With the passing of its longtime organiser and funds running low, it will literally ‘take a village’ to save Australia’s longest continuously running festival, Goulburn’s Lilac City Festival.
However, following a public meeting attended by 22 people last week, a small band of skilled community volunteers have stepped up to help the festival co-ordinator Heather Landow deliver the 2018 festival, and look to longer-term solutions to update the event and consolidate its organisation.
Once a grand spectacle with a renowned street parade, lilac-themed business window displays, fundraising Queens, garden competitions, streets of blooming lilac and much more, the festival’s size and scope has dwindled in recent years.
A split with the local council (which previously contributed to the cost of running the festival), changing times and a lack of volunteers has meant most of the fundraising for the event hinges on relatively modest funds generated from monthly markets, and most of the event organising done by a handful of volunteers.
In many ways, Goulburn itself has been divided on the festival. Was the town the ‘City of Roses’ or the ‘Lilac City’? The Lilac City Festival which has been running for 67 years and held annually on the October long weekend was seen as the past; the relatively modern Rose Festival held in March, and now in its 26th year, was considered a more ‘upmarket’ event.
Some residents and local institutions took sides. ‘There are not enough lilacs in flower for the festival’ was a common cry. The longstanding festival and its organising committee were not without its critics.
“We’re a festival for the everyday person; a family-oriented event and we try and keep our prices low,” Heather said. “We have some loyal support from local businesses but it’s not widespread. Yet we still get the crowds coming and from Canberra too. Most of our activities are free, except for the Joyland carnival and a $5 card for the annual fireworks.”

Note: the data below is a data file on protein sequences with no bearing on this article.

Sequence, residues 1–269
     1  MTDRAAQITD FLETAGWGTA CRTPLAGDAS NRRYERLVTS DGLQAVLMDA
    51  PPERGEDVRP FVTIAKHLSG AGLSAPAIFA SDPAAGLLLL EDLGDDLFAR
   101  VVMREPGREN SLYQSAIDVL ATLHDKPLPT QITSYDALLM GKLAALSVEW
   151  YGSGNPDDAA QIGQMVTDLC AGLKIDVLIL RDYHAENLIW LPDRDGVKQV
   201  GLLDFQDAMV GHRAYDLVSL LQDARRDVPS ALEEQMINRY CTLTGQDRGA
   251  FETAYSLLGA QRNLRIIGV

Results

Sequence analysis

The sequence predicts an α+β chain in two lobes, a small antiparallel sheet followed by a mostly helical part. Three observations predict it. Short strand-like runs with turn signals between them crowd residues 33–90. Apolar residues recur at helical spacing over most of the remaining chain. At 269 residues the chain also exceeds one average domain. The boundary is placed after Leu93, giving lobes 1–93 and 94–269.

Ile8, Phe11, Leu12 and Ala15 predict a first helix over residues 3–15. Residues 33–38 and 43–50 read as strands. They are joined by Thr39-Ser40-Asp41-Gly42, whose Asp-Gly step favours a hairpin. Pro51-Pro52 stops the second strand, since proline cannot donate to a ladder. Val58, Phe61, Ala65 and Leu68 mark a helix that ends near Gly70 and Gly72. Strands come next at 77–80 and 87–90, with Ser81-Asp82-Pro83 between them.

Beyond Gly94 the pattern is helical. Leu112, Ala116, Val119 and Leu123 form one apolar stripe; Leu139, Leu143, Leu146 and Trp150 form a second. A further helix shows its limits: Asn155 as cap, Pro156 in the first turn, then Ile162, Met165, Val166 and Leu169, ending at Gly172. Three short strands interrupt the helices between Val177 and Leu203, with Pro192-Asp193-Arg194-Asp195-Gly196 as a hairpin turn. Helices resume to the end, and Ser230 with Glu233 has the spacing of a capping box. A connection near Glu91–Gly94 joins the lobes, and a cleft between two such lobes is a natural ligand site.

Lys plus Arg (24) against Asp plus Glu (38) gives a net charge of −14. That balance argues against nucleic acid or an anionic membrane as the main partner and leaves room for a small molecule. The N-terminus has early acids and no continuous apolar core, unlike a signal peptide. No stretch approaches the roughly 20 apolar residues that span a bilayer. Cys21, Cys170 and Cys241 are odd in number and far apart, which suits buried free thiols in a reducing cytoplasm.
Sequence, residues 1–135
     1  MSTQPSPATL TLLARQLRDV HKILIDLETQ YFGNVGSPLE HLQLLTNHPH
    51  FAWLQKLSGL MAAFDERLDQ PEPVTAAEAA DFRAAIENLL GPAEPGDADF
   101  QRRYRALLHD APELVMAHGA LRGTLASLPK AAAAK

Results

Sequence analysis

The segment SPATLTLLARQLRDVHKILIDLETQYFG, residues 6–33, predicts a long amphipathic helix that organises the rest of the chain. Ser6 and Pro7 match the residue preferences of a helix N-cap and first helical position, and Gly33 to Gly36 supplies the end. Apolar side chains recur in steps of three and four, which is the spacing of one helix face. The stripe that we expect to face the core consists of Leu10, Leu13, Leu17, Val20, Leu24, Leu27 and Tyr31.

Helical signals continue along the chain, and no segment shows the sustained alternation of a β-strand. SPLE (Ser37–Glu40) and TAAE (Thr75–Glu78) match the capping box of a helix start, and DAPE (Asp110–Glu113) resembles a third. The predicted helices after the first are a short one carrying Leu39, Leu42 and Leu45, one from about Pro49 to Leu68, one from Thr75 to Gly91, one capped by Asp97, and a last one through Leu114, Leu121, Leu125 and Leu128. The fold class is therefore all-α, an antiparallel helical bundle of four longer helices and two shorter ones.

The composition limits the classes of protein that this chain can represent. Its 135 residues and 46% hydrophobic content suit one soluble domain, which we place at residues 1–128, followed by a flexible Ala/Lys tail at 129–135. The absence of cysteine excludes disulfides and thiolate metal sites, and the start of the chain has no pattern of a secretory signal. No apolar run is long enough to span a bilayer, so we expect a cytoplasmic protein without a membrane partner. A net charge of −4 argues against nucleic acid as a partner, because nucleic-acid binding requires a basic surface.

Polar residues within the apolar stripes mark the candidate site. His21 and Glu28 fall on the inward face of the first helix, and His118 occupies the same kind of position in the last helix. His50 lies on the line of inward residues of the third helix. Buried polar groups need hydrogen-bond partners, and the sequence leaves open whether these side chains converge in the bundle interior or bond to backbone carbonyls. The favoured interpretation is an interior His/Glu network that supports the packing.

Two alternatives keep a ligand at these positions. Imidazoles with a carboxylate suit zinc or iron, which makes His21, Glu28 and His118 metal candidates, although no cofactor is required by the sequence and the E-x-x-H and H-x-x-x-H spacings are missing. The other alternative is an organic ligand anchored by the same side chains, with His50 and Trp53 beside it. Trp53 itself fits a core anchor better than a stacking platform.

Due to the passing of several of the Lilac City Festival Inc. committee members, and relocation of others, the committee will also need to be reconstituted, a task Heather is planning in the coming weeks. Most keenly felt was the death of the festival’s stalwart, Yvonne Neale.
“Yvonne Neale drove us all. When everybody else said the festival was not worth continuing anymore and walked out, thinking it was too hard, and there was not enough community interest, Yvonne took up the flag and with a small band of dedicated people, kept it going,” Heather said.
Losing council support meant that the festival had to pay for the hire of Belmore Park, toilet cleaning and garbage collection and the hire of Seiffert Oval for the fireworks, Heather said.
“We’ve been struggling for a few years now. The Lilac City Festival Markets were started to support the festival and they still do to this day.”
Expectations that festival fundraising was more than sufficient were unfounded. “We had our books audited up until 2013 when our fundraising income fell below the level required for public auditing which is $20,000. And when our office got flooded and our books destroyed we gave our bank statements to the council.”
Annual income from the markets is between $10,000-$12,000, though cancellations due to weather have reduced the income this year by about $4,000.
However, divisions between the festival organisers, the local council, and festival critics should remain in the past to give the festival a chance at survival.
“We are now getting along. Councillor Carol James and others involved in Celebrate Goulburn want to assist us. I don’t think Lilac City Festival Inc. has crashed and burned but we are asking for help,” Heather said.
“We are also open to offers of council support and participation. We welcome it, and would also be open to council representation attending future committee meetings.”
Addressing the lack of blooming lilacs is more difficult. Changing weather patterns and lost heritage varieties have meant sparse lilacs on display at the festival time.
“We once had lilac plantings from the outskirts of Goulburn right along the City’s streets. We now have a small plot in the corner of the Belmore Park. These are hybrid varieties also and don’t flower at the same time that perhaps the older, heritage varieties did.”
But there are many good reasons to keep the festival running, despite the challenges.
“It’s a tradition that most people living in Goulburn have grown up with. We need help to update it to a modern festival while still keeping its traditions, its heritage and its values as a family festival for everyone no matter what your age,” Heather said.
If you’re interested in volunteering at this year’s festival, there will be a meeting at the Goulburn Soldiers Club this Thursday the 9th of August at 6 pm. Volunteers are welcome.